Review of Charles Burns’ graphic novel Black Hole, from the Toronto Star, fall 2005. Burns was at the IFOA here in Toronto that year, and my book club did Black Hole that month. I liked the book, but boy oh boy, did they hate it; it broke down a bit along gender lines, as I recall.
The North American teenager has been a boon to horror writers, right up there with Jack the Ripper and the atom bomb.
Above all else, the teen years are years of anxiety – about identity, about status in the weird demi-monde that is high school, and about future roles in the larger community (“the real world,” as the constant reminder goes). Teenagers also tend to obsess over their emotional states and to magnify the importance of their personal relationships – which represent, after all, one of the only real staging grounds in which they can assert themselves.
Oh, and in many cases their own bodies are still mutating on them.
Small wonder, then, that Stephen King’s very first novel, Carrie, was set in high school. Or that one of the most acclaimed TV shows of the past decade, Buffy the Vampire Slayer, brilliantly presented deformed monsters and otherworldly demons as metaphors for more prosaic teenage terrors.
Even as Buffy was spellbinding TV critics, Charles Burns was producing Black Hole, a long graphic novel that also mixes horror tropes with teen romance ones. Over the past 10 years, the Philadelphia-based writer-artist has serialized Black Hole in a 12-issue series of comic books; now, the Random House imprint Pantheon has collected the complete story in a beautifully packaged hardcover book.
It’s hard to imagine taking in Black Hole as its original readers did, at a rate of only a chapter or two per year. Although the story’s made up of brief vignettes, their power is cumulative rather than discrete. And the book’s greatest strength – its eerie, nightmarish mood – is best appreciated with sustained reading over a sitting or two.
Black Hole is set in the 1970s in a Pacific Northwest town, where a sexually transmitted disease referred to only as “the bug” is spreading among the local teen population. The bug causes physical deformities, but afflicts each victim in a different way, from the subtle (one girl grows a tail) to the dramatic (one boy’s face is transformed into an inhuman mass of tentacles). Some are able to mask their mutations and pass for normal at high school classes and bush parties. Those who can’t are ostracized, reduced to living in a makeshift campground in the woods outside of town.
The metaphorical power of this premise is obvious – plague terrors, body terrors – but as the story wears on, the nature and meaning of the bug remains undeveloped. Adults are almost entirely absent in Black Hole, and we learn nothing about the larger community’s reaction to the disease. There is no sense of anyone questioning or fighting it, only a matter-of-fact resignation. This flat treatment both encourages and discourages thematic resonance: on the one hand, readers are left free to superimpose just about any of their own fears or preoccupations onto the proceedings, but on the other, the deformities caused by the bug are so singular – rendered almost lovingly in Burns’s black-and-white inks – that they resist any comforting abstractions, insisting on their own reality.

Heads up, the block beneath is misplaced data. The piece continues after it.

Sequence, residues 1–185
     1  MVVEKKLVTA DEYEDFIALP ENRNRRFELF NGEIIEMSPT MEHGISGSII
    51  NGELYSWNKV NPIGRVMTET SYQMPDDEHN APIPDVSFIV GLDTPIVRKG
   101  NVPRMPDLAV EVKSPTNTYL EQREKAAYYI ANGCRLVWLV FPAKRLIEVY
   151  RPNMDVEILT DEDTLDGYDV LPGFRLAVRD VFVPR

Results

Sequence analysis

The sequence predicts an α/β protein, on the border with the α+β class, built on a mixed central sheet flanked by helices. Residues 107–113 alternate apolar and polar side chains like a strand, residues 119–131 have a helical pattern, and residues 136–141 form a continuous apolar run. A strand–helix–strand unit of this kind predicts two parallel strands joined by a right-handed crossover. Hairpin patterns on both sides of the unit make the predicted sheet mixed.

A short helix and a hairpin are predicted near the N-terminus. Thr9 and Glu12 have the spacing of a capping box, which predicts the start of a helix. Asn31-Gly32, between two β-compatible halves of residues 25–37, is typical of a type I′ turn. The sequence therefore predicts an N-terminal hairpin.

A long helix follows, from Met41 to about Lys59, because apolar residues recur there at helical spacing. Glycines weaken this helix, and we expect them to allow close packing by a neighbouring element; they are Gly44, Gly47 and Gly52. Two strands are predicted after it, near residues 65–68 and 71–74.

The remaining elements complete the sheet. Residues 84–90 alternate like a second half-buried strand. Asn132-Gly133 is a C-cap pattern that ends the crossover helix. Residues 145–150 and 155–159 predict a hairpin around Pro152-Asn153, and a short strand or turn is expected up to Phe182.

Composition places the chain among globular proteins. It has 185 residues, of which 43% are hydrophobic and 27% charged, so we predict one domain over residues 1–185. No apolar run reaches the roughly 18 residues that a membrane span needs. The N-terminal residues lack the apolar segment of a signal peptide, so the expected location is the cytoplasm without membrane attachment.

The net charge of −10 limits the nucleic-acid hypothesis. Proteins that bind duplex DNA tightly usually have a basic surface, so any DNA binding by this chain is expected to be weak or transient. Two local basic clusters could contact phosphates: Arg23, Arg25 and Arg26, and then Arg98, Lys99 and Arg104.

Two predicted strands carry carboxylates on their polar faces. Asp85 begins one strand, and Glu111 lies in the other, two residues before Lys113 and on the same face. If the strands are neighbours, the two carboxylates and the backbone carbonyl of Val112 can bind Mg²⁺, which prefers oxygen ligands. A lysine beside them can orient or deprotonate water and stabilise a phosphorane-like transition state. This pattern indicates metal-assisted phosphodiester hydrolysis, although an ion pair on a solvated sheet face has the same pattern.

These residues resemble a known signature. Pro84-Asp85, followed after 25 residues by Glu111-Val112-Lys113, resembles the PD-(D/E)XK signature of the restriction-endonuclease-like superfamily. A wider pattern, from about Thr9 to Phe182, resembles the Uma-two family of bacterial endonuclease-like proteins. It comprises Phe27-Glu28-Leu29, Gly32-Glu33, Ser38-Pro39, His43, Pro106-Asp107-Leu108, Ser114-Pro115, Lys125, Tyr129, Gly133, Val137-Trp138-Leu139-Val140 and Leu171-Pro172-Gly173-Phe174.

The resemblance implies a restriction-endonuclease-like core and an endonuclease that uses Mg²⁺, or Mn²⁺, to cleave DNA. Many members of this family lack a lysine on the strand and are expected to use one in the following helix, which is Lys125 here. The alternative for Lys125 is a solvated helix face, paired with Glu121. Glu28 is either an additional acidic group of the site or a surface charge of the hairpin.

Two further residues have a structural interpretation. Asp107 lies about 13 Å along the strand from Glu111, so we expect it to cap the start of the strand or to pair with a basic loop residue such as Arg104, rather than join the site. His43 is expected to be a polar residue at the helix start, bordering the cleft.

That’s not the only tension that vibrates through the narrative: there’s also a sense of some kind of creepy collective unconscious bubbling and boiling beneath the everyday teen angst of the characters’ waking lives. The story comes together around a sort of love triangle: an amiable doofus named Keith adores an aloof girl named Chris, who in turn adores an amiable doofus named Rob. As Black Hole opens, Rob is already infected; he’s grown a second mouth in the middle of his neck, one that has a habit of moaning his secrets as he sleeps. Early in the story, he infects Chris, whose entire skin begins moulting and shedding. She retreats to the woods, while Keith finds his own way to the community of outcasts there. Soon secondary characters are drawn into the orbit of the main trio, and various alliances and desires gradually push the plot toward bursts of horrific violence.
But just as important to the narrative are the many dream sequences, filled with images of decay and degradation. Dream descriptions often seem superfluous in films and novels, but in Black Hole they feel integral – mainly because of Burns’s expertise as a graphic storyteller. A skilled draftsman, he works in black-and-white with no shading or tones, employing a sharp, clean line and liberal use of solid black. The resulting images are surefooted and readable (or whatever the graphic-novel equivalent of “readable” might be), but can also shift into dense, hallucinatory dreamscapes smoothly and without warning.
Most impressive is the way Burns manipulates the reader’s perceptions and emotions at an almost subsonscious level, moving us back and forth in time and offering grim foreshadowings – all with the use of visual cues (a gun, a mutilated doll) that orient and disorient us in the same way language does in all-text books. The dialogue and narration in Black Hole is straightforward, even mundane; it’s the imagery and the pacing that creates a powerful mood of dread and melancholy.